This is fascinating, as Star Trek’s Mr Spock would put it. Scientists at NASA have found organic molecules on the surface of the asteroid, Ceres. They can’t tell at the moment what these molecules are, but they believe they’re similar to Kerisite, and came from within the planetoid, rather than being carried to it by a comet striking its surface.
This short video from D News discusses the recent finding, pointing out that this provides further evidence to support the possibility that life exists elsewhere in the universe.
Ceres is the largest of the asteroids, or minor planets, orbiting the Sun between Mars and Jupiter. Most of them are quite small, and have been rightly dubbed ‘flying mountains’. Ceres, however is about 500 miles in diameter.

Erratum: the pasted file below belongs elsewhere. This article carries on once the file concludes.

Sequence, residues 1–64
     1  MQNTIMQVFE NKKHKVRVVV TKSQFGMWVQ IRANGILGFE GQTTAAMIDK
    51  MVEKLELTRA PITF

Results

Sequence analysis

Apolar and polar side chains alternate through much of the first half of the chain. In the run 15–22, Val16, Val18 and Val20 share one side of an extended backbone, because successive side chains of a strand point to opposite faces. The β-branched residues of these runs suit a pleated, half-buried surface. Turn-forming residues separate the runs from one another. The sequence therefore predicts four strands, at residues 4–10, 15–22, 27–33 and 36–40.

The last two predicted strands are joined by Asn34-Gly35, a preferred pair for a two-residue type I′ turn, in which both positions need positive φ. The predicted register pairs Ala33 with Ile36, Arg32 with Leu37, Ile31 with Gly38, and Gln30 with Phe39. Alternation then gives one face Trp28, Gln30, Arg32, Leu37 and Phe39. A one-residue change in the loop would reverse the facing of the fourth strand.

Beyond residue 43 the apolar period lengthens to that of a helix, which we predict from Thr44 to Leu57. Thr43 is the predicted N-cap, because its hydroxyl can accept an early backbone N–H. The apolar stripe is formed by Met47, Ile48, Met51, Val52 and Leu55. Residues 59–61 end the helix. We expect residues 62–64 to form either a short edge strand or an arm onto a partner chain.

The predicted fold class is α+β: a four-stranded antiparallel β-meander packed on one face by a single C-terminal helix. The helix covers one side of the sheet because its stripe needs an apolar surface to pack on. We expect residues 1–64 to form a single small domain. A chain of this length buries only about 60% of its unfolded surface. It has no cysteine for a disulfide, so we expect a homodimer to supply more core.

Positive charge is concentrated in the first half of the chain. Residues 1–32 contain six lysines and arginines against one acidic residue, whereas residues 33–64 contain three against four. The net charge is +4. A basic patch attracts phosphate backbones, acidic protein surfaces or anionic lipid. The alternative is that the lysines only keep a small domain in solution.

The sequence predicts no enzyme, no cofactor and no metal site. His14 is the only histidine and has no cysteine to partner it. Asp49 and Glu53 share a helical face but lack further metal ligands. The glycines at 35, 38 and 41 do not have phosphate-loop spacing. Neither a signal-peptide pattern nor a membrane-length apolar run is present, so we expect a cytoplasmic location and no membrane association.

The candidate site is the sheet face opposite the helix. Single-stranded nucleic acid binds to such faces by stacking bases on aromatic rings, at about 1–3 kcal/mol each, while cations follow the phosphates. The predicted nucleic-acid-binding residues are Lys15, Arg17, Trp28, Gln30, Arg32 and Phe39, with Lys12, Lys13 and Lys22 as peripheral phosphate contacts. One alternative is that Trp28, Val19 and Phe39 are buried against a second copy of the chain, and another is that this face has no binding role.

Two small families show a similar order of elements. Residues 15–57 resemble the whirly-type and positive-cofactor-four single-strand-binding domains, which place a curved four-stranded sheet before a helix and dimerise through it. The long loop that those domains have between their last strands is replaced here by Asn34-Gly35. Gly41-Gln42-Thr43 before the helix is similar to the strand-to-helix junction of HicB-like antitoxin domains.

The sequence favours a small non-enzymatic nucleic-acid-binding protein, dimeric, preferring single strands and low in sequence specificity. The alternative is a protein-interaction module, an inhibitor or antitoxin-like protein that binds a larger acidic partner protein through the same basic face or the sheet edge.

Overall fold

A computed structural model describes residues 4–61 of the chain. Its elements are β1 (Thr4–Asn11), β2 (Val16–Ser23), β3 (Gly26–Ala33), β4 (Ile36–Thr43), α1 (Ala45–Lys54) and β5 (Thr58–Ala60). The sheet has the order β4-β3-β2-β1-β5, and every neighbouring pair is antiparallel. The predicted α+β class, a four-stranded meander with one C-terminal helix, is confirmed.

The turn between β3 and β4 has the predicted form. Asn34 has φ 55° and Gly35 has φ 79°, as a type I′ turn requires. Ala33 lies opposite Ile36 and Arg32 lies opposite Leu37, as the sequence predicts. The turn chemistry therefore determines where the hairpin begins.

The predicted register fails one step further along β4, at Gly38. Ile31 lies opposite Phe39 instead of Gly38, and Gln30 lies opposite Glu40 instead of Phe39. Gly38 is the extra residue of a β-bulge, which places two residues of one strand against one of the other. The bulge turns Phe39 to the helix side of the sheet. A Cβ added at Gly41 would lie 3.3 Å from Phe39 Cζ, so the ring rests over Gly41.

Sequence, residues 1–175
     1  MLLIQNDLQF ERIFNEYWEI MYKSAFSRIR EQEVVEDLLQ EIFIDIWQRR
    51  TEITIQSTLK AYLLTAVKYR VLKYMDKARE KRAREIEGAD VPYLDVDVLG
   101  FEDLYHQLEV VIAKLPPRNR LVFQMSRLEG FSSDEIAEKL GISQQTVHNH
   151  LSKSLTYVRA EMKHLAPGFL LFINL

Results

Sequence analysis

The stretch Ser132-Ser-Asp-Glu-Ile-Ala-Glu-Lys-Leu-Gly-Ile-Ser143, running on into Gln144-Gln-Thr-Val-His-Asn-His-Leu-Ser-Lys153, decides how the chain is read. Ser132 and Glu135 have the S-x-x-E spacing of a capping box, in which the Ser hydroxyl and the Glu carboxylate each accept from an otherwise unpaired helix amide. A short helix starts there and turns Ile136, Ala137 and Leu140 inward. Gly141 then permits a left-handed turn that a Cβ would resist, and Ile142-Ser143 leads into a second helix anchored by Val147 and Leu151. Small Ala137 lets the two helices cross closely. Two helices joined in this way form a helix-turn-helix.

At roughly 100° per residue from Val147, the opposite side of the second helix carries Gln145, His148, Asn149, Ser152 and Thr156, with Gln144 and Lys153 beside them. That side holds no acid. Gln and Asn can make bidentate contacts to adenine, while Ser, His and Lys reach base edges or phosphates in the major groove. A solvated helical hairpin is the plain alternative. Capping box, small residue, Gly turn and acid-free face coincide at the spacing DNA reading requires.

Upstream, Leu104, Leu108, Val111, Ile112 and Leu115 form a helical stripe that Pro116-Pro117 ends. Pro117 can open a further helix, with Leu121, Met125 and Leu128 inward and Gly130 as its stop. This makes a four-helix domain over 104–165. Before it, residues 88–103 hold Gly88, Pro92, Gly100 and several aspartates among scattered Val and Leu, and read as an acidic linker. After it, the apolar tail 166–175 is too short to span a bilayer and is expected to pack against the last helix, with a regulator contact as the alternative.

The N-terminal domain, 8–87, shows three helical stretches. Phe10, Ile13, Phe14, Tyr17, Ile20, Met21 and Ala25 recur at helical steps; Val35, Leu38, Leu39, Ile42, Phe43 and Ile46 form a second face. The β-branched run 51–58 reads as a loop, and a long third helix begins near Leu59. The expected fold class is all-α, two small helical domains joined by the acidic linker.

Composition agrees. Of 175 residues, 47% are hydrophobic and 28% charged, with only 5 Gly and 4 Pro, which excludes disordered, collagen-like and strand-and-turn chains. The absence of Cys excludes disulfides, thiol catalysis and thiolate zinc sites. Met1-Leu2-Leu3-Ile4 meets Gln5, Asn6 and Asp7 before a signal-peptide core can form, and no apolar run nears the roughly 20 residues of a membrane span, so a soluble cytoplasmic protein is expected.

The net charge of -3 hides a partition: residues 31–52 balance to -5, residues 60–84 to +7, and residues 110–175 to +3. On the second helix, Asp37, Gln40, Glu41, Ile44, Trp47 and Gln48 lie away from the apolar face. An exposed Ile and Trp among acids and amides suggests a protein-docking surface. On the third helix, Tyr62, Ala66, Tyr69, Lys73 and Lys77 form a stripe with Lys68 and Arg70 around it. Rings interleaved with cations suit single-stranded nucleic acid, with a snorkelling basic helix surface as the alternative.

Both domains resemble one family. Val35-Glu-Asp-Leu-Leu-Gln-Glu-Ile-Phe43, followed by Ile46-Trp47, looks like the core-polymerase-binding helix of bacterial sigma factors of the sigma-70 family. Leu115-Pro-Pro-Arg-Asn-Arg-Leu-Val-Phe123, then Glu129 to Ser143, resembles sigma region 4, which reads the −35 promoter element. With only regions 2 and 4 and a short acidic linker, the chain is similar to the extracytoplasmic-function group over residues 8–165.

There has been evidence before that the organic molecules forming the building blocks of life exist in the asteroid belt. These chemicals have been found in meteorites that have landed on Earth. However, with some of these the evidence has been extremely debatable. One of these meteors came down in Orgueoil in France. However, the organic molecules they found may have had a far more mundane origin, as the person, who’d discovered it had stored it in his fridge. I think it had got covered in butter, amongst other things.
I found another video on this discovery, which suggested that there may also be an internal ocean on Ceres, and that the organic molecules on its surface may indicate that it has life, even of only a very primitive kind, underneath in its oceans. This would be, in the words of Zaphod Beeblebrox, ‘amazingly amazing!’ if true. I suspect there isn’t such an ocean and no life there either, but we won’t know for sure until this is investigated further.